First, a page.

Is the Indian animation video industry soaring or struggling? There are conflicting opinions. While there have been reports that the industry is set to grow at a rapid rate, many who experience the ground reality of the industry say it presents a grim picture.
Let’s take a deeper look at both ends of the spectrum and explore the good, the bad and the ugly aspects of the Indian animation video industry.
#1: India is a prime animation outsourcing partner for Hollywood
A number of Oscar-winning and Oscar-nominated animated elements in films were actually created in India. Take for example Jungle Book which won an Oscar for Best Visual Effects in 2017, or Life of Pi, which won the same award in 2013. VFX is often outsourced to the Indian offices of an animation studio or animated video company that would be headquartered in the US. This has given a boost to the animation video industry as a whole.
Indian talent has produced award-winning work but at the same time, they are not given much creative liberty. They simply have to follow the instructions and produce the animated output exactly as specified. Animation is an extremely creative process, but skilled Indian animators are being used as manual labour.
Some industry insiders claim that Hollywood studios have even signed contracts with the Indian government for permission to set up offices in India under the condition that they would also encourage Indian talent and invest in Indian animation projects. But hidden in the fine print is the condition that they will only produce such projects as they see fit. This absolves them of the responsibility as they can always claim that any project pitched to them simply did not have merit.
#2: Indian animated video industry mainly produces kid’s content*
A number of the most popular cartoon channels around the world get their cartoons animated in India. This also stands true for new and upcoming YouTube channels with content aimed at children who have already amassed a massive following such as Chuchu TV and CVS 3D Rhyme. Even streaming services like Netflix and Amazon Prime are hoping to get into the game and have signed on many studios in India.
Cartoons based on Indian characters are still limited to mythological figures like Bheem, Ram and Hanuman. While producing content for other countries and based on other cultures, the Indian cartoons still rely on animating heroes from the Ramayana and Mahabharata with original characters produced for the Indian audience are rare.
While the animated video industry in India is mainly growing by creating cartoons for other countries or global studios, even cheaper labour is available elsewhere. This becomes a direct threat to the animation industry that is forced to keep prices low in order to compete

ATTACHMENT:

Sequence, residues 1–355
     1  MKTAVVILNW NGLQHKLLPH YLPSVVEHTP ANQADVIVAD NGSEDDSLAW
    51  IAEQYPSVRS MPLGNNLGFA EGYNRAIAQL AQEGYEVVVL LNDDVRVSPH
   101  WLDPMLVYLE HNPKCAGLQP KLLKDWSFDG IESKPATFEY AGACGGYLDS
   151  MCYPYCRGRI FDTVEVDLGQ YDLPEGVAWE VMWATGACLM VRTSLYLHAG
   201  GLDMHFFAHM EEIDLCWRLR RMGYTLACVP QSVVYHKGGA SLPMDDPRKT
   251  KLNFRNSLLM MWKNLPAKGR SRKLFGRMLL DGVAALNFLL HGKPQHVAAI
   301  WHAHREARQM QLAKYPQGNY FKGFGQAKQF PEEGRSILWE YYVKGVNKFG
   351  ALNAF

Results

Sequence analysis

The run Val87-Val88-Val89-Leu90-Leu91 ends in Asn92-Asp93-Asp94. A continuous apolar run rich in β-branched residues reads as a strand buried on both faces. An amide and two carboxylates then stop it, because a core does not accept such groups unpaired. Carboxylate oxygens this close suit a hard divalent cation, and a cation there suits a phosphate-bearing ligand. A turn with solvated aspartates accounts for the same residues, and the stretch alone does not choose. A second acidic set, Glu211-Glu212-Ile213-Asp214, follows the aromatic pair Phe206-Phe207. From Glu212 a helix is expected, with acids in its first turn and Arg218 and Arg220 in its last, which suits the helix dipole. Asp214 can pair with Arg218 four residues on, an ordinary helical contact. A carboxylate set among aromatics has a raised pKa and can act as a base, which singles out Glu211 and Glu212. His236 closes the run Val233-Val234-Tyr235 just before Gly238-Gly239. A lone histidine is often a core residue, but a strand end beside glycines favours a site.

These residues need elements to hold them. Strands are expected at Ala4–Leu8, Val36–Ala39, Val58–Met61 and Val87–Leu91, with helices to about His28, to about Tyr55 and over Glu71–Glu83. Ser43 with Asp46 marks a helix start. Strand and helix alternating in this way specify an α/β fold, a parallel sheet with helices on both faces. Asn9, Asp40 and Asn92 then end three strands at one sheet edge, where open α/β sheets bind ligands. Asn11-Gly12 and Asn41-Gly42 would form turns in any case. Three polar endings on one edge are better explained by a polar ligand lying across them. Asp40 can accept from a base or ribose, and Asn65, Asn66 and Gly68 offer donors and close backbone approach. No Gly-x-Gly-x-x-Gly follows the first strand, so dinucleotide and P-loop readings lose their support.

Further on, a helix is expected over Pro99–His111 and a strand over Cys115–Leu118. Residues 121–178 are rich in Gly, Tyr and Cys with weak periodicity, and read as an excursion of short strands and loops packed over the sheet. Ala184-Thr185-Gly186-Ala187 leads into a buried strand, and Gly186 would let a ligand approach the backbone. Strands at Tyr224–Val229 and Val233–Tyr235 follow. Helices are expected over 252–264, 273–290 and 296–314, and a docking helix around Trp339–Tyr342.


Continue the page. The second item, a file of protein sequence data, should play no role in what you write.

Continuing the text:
* While the Indian animated video industry is mainly focussed on cartoons and kid’s content, an animated explainer video production company, which serves the purpose of marketing rather than just entertaining is an exception.
#3: The Indian market is not favourable
Firstly, with the success of VFX in Bahubali 2, there is a shift in the industry. VFX is set to be a game changer for the Indian animated film industry. Second, even with repeated instances of Indian animated films flopping at the box office, Indian animation studios are still willing to take the risk and produce Indian short and feature-length animated films. Many colleges in India now offer animation courses and the Telangana state has founded an organisation called TVAGA (Telengana VFX, Animation and Gaming Association).
An animated video company that made an Indian animated film called Delhi Safari raked in many times higher earnings in South Korea than in India. When the Indian audience is watching a film in the theatre, they will prefer to go for a superstar-studded movie than an animated film.
There is little to no incentive (apart from creative drive) to make an animated Indian film. Neither the government nor private and industry investors will invest in it beyond a point, even as the global demand for animation rises. Unlike a video made by an animated explainer video company, a film takes a lot more money, effort and time. If it does not do well, and it tends not to do well, it’s too big a risk to take.
What do you think? Is the Indan animated video industry struggling or soaring? Tell us in the comments below. Or if you’d rather leave the animated film industry to its fate and focus on an animated explainer video for your business instead, we can help you! Just send a mail to <firstname.lastname@example.org> or leave a comment and we’ll get in touch with you.